aNewDomain.net–When I heard that Microsoft was offering Windows 8 Pro upgrade for only $39.99 until January 31, 2013, I couldn’t help but buy it. Call it geek curiosity. Overall, I’ve been quite pleased with Windows 8. Microsoft has done a good job of reinventing its operating system. However, this evolution of the OS may be alienating some of Microsoft’s customers. One thing that has been especially irritating for me has been its implementation of universal search.
Microsoft learned something from Ubuntu when it comes to universal search. Even though the Internet was full of users who did not like it when Ubuntu changed from the GNOME desktop to the Unity desktop, I did not really have a problem with it. Don’t get me wrong, I think GNOME is great. However, Unity offers a great desktop experience just the same. One of the features of Unity that I like most is universal search. When I enter a search term, universal search automatically shows me the results for files, programs, folders and — in the most recent iteration — Amazon search results. The beauty of Ubuntu search is that I can view all the results of my search query at once. In comparison, Microsoft’s version of the desktop search forces you to choose what you’re looking for – be it files, applications or settings. This, especially for new users, makes it much less user-friendly. It’s not only extremely irritating, but also quite baffling.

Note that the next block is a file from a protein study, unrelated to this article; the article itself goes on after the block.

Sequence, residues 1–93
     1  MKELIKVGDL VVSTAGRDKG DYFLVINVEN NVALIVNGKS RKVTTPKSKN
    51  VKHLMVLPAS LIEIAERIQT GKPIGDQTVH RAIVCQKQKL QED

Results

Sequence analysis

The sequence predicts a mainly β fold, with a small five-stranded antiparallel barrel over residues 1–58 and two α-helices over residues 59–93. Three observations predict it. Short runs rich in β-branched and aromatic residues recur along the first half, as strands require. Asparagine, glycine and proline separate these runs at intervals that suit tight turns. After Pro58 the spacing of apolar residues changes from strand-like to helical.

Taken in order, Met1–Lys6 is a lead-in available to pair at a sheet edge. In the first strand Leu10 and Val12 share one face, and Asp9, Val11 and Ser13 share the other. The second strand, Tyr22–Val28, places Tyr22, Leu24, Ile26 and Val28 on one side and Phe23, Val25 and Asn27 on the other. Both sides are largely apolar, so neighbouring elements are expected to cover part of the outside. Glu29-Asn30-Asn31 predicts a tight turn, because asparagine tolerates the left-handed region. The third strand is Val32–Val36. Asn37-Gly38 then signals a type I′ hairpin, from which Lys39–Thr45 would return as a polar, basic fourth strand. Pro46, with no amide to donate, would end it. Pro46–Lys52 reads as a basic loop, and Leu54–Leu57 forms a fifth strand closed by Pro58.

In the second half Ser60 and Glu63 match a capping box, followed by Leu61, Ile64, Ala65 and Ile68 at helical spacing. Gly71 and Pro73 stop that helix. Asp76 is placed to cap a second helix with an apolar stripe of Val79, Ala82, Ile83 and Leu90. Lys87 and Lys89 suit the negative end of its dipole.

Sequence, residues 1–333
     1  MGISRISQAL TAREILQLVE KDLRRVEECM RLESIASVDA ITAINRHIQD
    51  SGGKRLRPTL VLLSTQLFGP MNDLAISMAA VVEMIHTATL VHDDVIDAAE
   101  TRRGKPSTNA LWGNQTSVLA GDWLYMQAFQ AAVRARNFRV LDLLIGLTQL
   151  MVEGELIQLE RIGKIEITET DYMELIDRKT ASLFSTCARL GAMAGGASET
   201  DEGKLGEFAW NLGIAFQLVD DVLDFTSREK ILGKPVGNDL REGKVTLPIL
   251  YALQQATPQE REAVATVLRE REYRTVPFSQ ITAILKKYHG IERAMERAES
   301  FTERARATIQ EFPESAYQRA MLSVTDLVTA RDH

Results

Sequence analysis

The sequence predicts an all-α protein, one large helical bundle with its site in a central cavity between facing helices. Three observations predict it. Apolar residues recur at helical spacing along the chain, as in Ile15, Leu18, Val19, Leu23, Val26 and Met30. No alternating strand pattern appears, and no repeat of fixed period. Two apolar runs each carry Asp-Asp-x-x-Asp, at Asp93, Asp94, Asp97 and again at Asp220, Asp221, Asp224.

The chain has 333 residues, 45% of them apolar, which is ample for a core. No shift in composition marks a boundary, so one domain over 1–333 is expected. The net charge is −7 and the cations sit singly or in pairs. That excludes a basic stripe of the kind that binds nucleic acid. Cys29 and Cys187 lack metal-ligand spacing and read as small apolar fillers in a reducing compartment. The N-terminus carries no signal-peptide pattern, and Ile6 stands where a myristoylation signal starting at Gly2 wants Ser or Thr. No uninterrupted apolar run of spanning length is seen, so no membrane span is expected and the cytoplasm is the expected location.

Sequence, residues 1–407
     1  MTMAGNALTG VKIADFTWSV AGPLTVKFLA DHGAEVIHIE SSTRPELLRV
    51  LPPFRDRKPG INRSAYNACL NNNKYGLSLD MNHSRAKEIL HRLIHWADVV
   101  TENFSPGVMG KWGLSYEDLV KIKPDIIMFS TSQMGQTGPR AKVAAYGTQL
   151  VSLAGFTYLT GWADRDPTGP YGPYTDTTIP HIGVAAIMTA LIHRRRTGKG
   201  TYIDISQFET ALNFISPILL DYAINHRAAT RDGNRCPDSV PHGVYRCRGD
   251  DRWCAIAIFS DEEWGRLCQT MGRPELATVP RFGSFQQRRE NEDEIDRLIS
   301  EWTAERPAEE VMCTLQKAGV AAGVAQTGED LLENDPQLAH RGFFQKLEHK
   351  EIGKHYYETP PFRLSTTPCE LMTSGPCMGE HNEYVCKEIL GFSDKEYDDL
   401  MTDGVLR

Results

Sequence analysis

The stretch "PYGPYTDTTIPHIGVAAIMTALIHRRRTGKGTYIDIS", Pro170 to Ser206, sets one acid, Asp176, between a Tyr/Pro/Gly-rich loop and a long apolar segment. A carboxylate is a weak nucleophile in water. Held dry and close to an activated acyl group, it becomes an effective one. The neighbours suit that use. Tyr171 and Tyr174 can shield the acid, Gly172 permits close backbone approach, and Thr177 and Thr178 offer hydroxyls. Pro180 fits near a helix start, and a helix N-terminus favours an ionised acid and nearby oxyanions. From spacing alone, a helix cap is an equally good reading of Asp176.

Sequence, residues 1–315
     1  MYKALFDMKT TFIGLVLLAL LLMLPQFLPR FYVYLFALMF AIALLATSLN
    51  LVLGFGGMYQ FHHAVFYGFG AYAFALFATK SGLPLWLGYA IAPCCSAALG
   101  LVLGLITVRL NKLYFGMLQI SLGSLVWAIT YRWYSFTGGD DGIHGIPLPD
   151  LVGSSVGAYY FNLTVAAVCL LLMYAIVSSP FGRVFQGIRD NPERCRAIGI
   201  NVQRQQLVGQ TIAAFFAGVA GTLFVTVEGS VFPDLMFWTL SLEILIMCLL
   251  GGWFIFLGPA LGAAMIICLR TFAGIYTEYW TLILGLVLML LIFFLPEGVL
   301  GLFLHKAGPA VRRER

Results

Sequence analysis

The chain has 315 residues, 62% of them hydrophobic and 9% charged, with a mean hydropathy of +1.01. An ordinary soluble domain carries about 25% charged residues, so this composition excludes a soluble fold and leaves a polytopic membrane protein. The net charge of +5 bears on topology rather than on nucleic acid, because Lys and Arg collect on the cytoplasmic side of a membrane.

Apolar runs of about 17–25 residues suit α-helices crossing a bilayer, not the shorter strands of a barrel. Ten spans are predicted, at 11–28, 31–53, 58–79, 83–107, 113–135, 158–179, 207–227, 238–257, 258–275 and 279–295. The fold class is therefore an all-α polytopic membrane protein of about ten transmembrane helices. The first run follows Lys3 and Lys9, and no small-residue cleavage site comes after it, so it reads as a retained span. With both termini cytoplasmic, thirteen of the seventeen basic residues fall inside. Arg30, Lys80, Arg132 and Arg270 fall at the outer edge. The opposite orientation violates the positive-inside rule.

Needs to look more like this.
Does this make Microsoft’s Windows 8 a bad operating system? I don’t think so. It does, though, make system admins around the world cringe at the thought of upgrading their users to Windows 8. If Microsoft wants to make Windows 8 a hit it needs to offer users – and their IT overlords – an approach to the desktop environment that does not so closely mimic that of a mobile device. Tweaking universal search is just one step toward that goal.